AiW Guest: Sana Goyal
AiW’s annual Caine Prize review series is back. We’ve been talking about prize culture for a long time at Africa in Words; Kate Wallis started off this series in 2013. In the coming days we are featuring reviews of the stories shortlisted for the 2018 Caine Prize for African Writing ahead of the announcement of the winner on 2 July. You can read previous years’ shortlist reviews and coverage of the Prize from AiW here as well as our coverage of the Anthologies. A series of events with the shortlisted writers are also planned in London (UK) this week.
At the beginning of “Wednesday’s Story”, the narrator says: ‘Men also tell each other the story of Solomon Grundy, but they never tell it well.’ She then proceeds to tell the story of Solomon Grundy the way men would—as a children’s rhyme in ten lines—and which she’s always thought to be a ‘particularly poor story’. Yes, it states facts, she says. And yes, as far as stories go, it possesses a ‘good, linear shape’. But ‘what does it really tell you anyway?’ asks Wednesday.
If I were to tell the story of “Wednesday’s Story” as Men would—to recall and relay its facts and to follow its linearity—I would fail. Wole Talabi’s meta-fictional short story, which is a meditation on, and which studies the mechanics of, the art of storytelling (and writing), does not allow for a conventional method of reviewing. From the opening itself, its narrator and author both reject pre-determined, prescriptive ways of storytelling—‘My story has a strange shape to it […] it bunches up in places and twists upon itself in ways that no good story should’ (my emphasis)—and hence urges the receiver of the story to abandon all rules of reading too. On the surface, this is the story of Wednesday, a female spirit-thing who inserts herself into Solomon Grundy’s story in order to save his dying wife—and the repercussions of her reckless but well-intentioned actions—but it soon becomes apparent that Talabi’s story is as multi-layered as it is manifold in its scope beyond the basic plot.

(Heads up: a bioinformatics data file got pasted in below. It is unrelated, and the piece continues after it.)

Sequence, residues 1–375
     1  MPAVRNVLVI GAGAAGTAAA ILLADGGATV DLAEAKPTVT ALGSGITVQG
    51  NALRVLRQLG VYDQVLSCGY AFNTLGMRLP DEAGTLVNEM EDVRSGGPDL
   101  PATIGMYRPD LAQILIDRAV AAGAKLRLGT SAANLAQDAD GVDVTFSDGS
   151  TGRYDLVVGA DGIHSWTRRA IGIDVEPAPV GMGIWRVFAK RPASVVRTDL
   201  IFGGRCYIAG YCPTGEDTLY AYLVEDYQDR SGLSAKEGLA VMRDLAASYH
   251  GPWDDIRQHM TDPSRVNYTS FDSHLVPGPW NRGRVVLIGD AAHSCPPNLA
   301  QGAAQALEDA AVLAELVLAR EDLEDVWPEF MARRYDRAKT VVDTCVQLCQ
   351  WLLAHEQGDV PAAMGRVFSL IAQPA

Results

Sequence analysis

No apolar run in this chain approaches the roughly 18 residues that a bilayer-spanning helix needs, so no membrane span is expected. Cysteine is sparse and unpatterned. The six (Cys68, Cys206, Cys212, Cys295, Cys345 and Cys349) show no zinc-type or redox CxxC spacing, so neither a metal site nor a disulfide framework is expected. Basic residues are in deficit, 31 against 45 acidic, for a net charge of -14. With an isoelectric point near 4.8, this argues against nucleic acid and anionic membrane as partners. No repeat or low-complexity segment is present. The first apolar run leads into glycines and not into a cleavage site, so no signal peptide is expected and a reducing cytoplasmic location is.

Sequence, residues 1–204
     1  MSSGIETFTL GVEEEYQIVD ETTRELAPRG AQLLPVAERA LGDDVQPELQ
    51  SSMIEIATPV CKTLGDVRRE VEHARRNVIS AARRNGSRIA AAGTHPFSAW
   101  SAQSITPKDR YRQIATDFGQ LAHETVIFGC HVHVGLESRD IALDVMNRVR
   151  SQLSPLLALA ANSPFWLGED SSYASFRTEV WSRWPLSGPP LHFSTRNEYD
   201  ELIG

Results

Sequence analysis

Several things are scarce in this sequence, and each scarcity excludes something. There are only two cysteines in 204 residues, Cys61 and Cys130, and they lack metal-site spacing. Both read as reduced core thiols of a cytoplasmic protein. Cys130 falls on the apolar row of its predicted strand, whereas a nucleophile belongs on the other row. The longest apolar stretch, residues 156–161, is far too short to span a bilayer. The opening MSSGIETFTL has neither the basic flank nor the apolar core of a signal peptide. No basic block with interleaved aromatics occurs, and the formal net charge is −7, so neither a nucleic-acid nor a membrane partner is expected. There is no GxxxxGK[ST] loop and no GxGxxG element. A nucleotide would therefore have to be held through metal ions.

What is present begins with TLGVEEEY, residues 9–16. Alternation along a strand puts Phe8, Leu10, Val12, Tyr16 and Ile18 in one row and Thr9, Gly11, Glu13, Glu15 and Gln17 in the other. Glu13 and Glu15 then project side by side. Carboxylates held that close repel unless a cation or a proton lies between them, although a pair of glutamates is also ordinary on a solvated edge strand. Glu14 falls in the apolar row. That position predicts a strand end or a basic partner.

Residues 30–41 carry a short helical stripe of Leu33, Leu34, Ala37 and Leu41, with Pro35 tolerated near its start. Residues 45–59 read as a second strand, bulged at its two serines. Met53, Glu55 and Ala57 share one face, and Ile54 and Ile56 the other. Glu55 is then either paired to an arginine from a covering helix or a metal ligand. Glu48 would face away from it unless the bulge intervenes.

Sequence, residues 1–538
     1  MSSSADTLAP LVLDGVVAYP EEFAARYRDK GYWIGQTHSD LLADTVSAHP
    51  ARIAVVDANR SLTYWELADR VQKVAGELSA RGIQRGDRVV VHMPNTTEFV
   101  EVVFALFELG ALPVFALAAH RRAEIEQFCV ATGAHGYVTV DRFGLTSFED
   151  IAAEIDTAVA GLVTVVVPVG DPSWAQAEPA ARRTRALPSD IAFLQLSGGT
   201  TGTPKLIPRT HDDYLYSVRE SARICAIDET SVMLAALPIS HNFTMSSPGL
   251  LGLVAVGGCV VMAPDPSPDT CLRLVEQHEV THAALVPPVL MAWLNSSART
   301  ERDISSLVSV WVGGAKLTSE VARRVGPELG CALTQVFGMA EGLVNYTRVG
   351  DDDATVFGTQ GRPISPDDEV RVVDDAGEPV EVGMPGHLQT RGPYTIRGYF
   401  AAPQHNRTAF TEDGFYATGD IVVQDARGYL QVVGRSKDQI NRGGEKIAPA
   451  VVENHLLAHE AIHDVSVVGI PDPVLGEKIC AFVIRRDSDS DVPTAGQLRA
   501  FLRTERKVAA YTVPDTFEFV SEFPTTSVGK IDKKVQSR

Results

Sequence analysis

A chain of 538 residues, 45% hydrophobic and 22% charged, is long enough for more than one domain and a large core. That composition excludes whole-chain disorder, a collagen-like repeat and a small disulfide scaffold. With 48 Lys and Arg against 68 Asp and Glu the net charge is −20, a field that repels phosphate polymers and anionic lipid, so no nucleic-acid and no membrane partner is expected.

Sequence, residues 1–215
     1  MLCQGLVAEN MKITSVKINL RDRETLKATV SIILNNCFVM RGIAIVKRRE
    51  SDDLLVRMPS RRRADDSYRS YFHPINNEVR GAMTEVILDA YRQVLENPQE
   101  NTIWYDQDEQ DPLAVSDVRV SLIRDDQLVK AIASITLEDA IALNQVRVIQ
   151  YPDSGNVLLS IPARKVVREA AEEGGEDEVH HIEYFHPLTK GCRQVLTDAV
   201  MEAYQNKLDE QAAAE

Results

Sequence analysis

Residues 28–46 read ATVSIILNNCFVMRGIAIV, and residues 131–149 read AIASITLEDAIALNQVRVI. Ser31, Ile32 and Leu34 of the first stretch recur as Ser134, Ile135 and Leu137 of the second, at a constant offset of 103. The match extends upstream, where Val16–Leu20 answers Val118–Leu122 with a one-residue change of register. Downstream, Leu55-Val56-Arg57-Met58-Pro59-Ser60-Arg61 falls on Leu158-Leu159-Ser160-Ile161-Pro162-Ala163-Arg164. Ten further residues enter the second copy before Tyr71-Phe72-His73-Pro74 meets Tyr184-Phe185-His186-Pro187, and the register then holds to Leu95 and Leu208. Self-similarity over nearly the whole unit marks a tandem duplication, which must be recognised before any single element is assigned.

Perhaps the central question Talabi’s story, first published in Lightspeed Magazine (2016), poses is: What makes a good story? The simple, straightforward answer to this would be, as Wednesday says, of a story she and her siblings have just finished telling: ‘It is a strange and sad story but it is a good story because we told it well’. So, while Wednesday suggests that telling a story well is one criterion, Talabi’s own work seems to reject that notion/approach as too simple.
Instead, Talabi takes the story form and tears it apart; not just to playfully point a compass at its own literariness and constructedness, but to ‘cleave the essence of things upon which all stories are written’—as Wednesday does, when she uses the timestone to tread between the world of Men and the world of Days, or spirit-things. Ultimately, however, Talabi is preoccupied not just with the liminal spaces between worlds, nor with prodding the fourth wall, but those between words—and reading between the lines becomes a rewarding experience. That is to say, his prose is a sophisticated balance of wordplay and words which can be read as poetry. Of the dying Atinuke he writes: ‘There is a constellation of gaping, pink stab wounds surrounding her prominent navel like so many unnatural lips’.